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Builder :
General Motors Electro-Motive Division
Electricity :
Length :
68' 10"
Width :
10' 4"
Height :
15' 8"
Weight :
194.5 tons
Cylinders :
Wheel Diam :
Fuel Tank :
4000 gal
Max Speed :
70 mph
Horsepower :
3000 hp

Introduced in 1972 , Elector-Motive's DASH 2 line was all about making good things better. EMD's 645-engine locomotives were already well liked for their performance and dependability. They were the best selling machine on the market and nearly every major railroad was using them in large numbers. DASH 2 models were in essence improved variations of the models that preceeded them.

The most significant innivation of the SD40-2 over the earlier SD40 was the entirely revamped electrical system. Modular solid-state electronics were introduced to simplify the electrcal control system. Replacing traditional electrical circuits and relays dramatically reduced the number of electrical components, improved reliability, and eased maintenance. In the event of component failure, modular cards could be easily exchanged, making locomotive repair quick and easy.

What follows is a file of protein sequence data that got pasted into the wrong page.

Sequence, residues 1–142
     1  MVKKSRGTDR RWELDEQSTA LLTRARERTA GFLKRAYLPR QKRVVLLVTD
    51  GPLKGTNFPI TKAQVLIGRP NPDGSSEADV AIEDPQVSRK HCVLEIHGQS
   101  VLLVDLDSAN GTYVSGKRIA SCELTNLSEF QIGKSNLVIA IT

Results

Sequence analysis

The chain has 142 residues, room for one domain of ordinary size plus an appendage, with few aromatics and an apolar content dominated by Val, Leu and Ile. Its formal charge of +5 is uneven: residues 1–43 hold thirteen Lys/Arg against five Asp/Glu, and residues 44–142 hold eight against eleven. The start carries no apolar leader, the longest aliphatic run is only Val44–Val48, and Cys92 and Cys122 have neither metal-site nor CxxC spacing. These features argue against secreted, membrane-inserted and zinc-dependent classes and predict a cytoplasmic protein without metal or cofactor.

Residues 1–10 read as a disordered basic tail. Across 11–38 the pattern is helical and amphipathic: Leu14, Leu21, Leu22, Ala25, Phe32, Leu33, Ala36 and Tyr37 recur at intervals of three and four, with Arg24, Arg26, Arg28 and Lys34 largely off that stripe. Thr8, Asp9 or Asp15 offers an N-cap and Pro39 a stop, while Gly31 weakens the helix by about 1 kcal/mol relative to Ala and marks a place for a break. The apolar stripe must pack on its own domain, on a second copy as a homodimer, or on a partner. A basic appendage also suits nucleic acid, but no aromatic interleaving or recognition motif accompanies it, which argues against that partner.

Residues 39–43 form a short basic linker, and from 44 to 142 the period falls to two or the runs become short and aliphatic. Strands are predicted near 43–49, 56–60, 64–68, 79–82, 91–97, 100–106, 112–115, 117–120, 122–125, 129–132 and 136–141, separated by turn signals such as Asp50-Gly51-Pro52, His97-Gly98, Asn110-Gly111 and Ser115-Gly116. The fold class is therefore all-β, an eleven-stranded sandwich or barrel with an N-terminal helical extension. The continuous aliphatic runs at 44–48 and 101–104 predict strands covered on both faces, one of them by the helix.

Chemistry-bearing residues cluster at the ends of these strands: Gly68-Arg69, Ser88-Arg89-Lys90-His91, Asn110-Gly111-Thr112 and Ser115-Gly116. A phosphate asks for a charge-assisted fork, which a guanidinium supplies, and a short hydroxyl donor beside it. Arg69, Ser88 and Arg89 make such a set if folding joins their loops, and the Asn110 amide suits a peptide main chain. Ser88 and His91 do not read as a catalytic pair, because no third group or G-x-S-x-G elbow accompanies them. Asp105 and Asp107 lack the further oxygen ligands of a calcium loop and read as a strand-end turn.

From a performance perspective one of the most important attributes of the SD40-2 was the introduction of EMD's new HTC truck. This redesigned three-motor truck replaced the standard Flexicoil truck previously used. Similar in appearance to the Flexicoil truck, the HFC used an improved motor arrangement, better damping, and other innovations to achieve a more effective weight transfer and thus permit better wheel-to-rail adhesion.

The SD40-2 epitomizes the product quality for which Electro-Motive is known. It rapidly became the standard locomotive of the 1970's and 1980's. Almost 4,000 were built for service, making it by far the most common locomotive on American railroads.